According to the documentary, Drying for Freedom, clothesline bans affect 50 million households, requiring people to buy electric clothes dryers or hang their clothes inside their home. Electric clothes dryers, however, are among the most energy-greedy appliances in the home, accounting for between six and fifteen percent of home energy use. Laundry activists, a group encouraging the use of clotheslines and fighting their prohibition, argue that the bans are killing the environment and interfering with personal freedom. Yet many homeowners associations insist that they are “…an eyesore, not unlike storing junk cars in driveways, and a marker of poverty that lowers property values” (NYTimes).
Homeowners associations require many things intended to increase the “curb appeal” and property value of homes. Many of these things specifically function to make the home and yard appear decorative instead of functional. Rules prohibit visible vegetable gardens, parking cars in the driveway overnight, allowing your cat outside (lest they poop), and failing to clean oil stains left by leaky vehicles. They turn driveways, curbs, front yards, and porches into communal space designed to advertise the luxury of having non-functional spaces. They say “this is a lovely neighborhood where we can afford to curate flowers instead of vegetables and preserve pristine concrete by taking our cars to Jiffy Lube.”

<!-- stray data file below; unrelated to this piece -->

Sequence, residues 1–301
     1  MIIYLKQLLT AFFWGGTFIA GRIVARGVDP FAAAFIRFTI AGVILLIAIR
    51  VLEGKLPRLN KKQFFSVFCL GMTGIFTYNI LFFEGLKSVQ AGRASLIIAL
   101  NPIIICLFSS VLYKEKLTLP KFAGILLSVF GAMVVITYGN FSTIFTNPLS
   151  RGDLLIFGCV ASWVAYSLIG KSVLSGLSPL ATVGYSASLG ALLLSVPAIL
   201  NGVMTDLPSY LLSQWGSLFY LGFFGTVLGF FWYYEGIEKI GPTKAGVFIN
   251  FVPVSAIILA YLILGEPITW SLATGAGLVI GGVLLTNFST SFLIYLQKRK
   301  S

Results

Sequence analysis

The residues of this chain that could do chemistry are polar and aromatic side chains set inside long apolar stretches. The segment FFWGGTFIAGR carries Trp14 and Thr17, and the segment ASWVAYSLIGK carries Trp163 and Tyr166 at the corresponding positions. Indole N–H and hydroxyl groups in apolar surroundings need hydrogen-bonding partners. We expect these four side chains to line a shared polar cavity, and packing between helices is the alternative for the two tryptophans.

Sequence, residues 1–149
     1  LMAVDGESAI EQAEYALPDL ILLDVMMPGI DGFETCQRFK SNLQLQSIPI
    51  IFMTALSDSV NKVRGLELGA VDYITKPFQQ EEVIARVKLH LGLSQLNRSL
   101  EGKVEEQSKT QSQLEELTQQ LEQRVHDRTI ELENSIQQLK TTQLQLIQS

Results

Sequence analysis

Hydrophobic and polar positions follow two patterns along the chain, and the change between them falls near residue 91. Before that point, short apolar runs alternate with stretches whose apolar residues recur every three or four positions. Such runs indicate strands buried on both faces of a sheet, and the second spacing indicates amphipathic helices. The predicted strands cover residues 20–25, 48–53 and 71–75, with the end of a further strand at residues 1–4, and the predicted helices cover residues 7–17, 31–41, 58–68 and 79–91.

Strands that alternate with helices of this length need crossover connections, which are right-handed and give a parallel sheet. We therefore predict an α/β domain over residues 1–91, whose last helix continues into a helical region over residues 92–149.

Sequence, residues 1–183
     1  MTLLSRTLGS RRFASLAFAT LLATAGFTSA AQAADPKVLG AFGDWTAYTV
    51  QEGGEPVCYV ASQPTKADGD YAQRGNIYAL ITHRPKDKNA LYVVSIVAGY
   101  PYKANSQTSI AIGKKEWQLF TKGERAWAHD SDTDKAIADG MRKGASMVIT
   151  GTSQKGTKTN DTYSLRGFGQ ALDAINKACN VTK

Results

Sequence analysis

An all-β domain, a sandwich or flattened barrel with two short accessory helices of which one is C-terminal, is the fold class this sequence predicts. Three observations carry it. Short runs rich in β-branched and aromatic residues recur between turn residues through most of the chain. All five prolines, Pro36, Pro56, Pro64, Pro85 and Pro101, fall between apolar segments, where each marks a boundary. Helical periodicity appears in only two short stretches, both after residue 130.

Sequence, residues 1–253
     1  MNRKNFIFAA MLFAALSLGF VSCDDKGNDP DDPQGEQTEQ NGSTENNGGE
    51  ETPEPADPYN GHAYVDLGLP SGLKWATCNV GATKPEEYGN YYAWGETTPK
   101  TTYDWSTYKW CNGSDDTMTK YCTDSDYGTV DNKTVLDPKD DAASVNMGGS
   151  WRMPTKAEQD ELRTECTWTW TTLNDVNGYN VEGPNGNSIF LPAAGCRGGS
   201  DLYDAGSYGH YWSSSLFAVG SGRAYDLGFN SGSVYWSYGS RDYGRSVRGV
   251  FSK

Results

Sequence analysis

All of this supposedly protects home values by preserving the notion that the neighborhood includes only middle- and upper-class people who can afford to avoid (dirty) work by consuming services. Not being able to afford to dry your clothes electrically apparently appears, well, trashy.
Drying for Freedom is trying to interrupt this narrative. They are suggesting that using clotheslines is good global citizenship and, thus, a sign of responsible living, not poverty. In other words, they are hoping to re-frame the clothesline.
Thanks to my Mom, Kay W., for forwarding a link to this documentary!